A poll released last year by the Harvard Institute of Politics found that among 18-to-29-year-olds, only 19 percent identified themselves as “capitalists,” and only 42 percent said they “supported” capitalism. The number was only slightly higher for those in the next age group, 34 to 49 years old, with 31 percent identifying as capitalists and 50 percent saying they supported capitalism.
Indeed, it does appear that interest in capitalism is waning. But is this because capitalism is truly bad or is it because capitalism is simply misunderstood? Let’s get to the bottom of that question by starting with a dictionary definition:
A capitalist is “a wealthy person who uses money to invest in trade and industry for profit in accordance with the principles of capitalism,” according to Merriam Webster and capitalism is “an economic system characterized by private or corporate ownership of capital goods, by investments that are determined by private decision, and by prices, production, and the distribution of goods that are determined mainly by competition in a free market.”
I think many people who don’t support capitalism simply don’t understand it. They think it’s just the embodiment of greed for those who got lucky in life. But if you look closely at the definition above, the key phrase of “by investments that are determined by private decision” contradicts that belief. This phrase means that capitalism is a choice. Those who make investments are choosing to invest their hard-earned money. They could easily choose not to. So why do they do it? The answer is very simple: they want a better life. Otherwise, why would they risk their money?
You see, capitalists do something to increase their wealth so that their standard of living rises, instead of thinking that they deserve money just for being alive. Here in the U.S, every single citizen has equal opportunity and deserves equal opportunity. Notice that I didn’t say they deserve equal income. Because one of the main tenets of capitalism, is that it rewards people that are more skilled, for example, an engineer makes more than a cashier.
You see, capitalism doesn’t make the cashier poor, but it can make both the cashier and engineer rich. It’s function is to be an economical system where people are allowed to demonstrate their abilities, unlike any other system. In capitalism; if you have an ability to do something, you can be rich. And if you spend your day believing you can’t do anything, you’ll probably be poor. Either way, it’s your choice.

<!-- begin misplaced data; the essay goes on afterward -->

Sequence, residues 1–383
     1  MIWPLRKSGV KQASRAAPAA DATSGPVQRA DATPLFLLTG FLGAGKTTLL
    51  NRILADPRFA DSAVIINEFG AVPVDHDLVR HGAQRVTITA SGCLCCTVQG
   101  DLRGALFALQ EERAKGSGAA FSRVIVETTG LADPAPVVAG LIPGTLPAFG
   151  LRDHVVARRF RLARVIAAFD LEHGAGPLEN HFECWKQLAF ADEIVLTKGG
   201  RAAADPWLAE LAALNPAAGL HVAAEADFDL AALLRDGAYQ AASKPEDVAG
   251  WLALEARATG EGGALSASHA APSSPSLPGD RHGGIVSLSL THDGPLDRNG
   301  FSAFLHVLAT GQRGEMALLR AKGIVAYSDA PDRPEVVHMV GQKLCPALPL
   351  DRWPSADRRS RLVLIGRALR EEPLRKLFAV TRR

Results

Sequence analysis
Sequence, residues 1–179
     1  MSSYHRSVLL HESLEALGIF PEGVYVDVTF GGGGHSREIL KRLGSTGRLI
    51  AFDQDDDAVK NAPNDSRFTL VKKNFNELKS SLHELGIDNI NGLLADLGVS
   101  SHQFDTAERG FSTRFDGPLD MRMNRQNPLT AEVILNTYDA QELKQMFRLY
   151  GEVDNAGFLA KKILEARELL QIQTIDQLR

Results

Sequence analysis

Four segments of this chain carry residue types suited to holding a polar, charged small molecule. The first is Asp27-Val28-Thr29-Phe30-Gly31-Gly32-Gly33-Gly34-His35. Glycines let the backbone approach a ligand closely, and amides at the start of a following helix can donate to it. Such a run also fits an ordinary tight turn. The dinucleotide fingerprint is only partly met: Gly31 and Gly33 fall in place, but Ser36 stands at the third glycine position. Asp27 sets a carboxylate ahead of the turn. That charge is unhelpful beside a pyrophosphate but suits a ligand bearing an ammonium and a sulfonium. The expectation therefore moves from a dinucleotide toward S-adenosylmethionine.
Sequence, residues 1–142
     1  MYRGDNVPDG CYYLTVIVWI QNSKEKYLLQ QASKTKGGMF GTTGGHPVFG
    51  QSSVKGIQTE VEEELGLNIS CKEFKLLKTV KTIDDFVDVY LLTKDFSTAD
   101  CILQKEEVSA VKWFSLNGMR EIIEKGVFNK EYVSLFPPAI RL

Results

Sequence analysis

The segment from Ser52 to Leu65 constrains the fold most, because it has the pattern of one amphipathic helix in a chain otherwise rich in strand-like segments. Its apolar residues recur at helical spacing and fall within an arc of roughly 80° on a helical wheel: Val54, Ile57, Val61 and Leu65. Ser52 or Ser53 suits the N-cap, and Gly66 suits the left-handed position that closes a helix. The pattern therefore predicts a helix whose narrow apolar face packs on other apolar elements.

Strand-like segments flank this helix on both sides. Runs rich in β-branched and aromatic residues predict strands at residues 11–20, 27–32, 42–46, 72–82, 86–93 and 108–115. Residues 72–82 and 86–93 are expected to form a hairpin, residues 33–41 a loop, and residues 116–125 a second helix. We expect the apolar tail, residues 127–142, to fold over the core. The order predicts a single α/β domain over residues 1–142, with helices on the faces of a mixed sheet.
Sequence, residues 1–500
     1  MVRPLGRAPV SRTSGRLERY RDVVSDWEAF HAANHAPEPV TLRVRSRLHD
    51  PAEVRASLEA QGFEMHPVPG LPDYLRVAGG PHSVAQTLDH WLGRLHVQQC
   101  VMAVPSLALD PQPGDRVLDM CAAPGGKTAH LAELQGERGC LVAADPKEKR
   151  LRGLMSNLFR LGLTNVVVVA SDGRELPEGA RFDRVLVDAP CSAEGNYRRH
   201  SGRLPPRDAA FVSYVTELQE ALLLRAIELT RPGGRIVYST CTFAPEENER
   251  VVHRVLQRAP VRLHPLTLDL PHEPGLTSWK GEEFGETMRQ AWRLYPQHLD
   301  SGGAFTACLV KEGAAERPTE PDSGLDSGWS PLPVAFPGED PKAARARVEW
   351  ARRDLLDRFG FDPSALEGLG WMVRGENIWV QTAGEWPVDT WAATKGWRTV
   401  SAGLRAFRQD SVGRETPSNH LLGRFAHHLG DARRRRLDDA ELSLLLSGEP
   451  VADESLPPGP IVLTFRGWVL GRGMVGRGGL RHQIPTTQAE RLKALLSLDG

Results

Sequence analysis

And if you choose to be poor, capitalism helps there as well. Yes, capitalism is very good for the poor, where and when it is allowed to be. Increased globalization and the spread of capitalism following the end of the Cold War have reduced the number of people living in absolute poverty by half in the last 25 years, down by nearly one billion from 1990. In the two centuries since the birth of capitalism, the average life expectancy has risen from 26 to 67. Earth is teeming with human life as never before. In 1800, there were fewer than one billion humans on the planet; today there are over seven billion. In at least that sense, capitalism has vastly expanded the domain of life.
There have so far been no alternative economic systems which have worked better than capitalism. Most successful nations are capitalist. Capitalism takes advantage of human nature and self interest and uses it to create new goods and services. In order to succeed and be happy, you must contribute something good to society that others also value. No other system does all those things as effectively as capitalism.
Did you know that more than half of the jobs in the United States are created by firms that are less than 5 years old? The lesson we draw from this is that without entrepreneurs, and without the right incentives for them to devote themselves enthusiastically and tirelessly to the commercial use of their skills (capitalism), economic progress will not occur. Again, why would the entrepreneur risk their money? The answer is the same: they want a better life.
You see, capitalism gives us freedom. We have the power to open markets, to innovate and to move forward. We get a life where we can keep going up and no one is holding us down. Even Pope John Paul II agreed that capitalism provides freedom: “an economic system which recognizes the fundamental and positive role of business, the market, private property and the resulting responsibility for the means of production, as well as free human creativity in the economic sector … circumscribed within a strong juridical framework which places it at the service of human freedom in its totality.”
Capitalism is nothing more than the freedom to be yourself in society.
Would you rather have a dictator telling you what to do? A monarch? A tyrant? Tell me when that has ever worked? When has a nation of people ever given up their individual freedom and ended up better for it. Instead, what you end up with is oppression, a police state. Total control of the people.
I’d prefer to put my trust in my abilities and in the free market. I would rather see more competition. More innovation. More choices. Choices = freedom
Because to me, that is a much better option than relinquishing my control to another person who for some reason thinks he can make my decisions better for me than I can make for myself.
You see, I would rather be in control of my own fate and have the ability to not only fail, but to succeed beyond all of my wildest dreams.
Capitalism is not the thief of happiness. What is? Servitude. The evidence is clear: “Capitalism is bad” has failed. Look all around us.
Be free. Nothing else is worth it.
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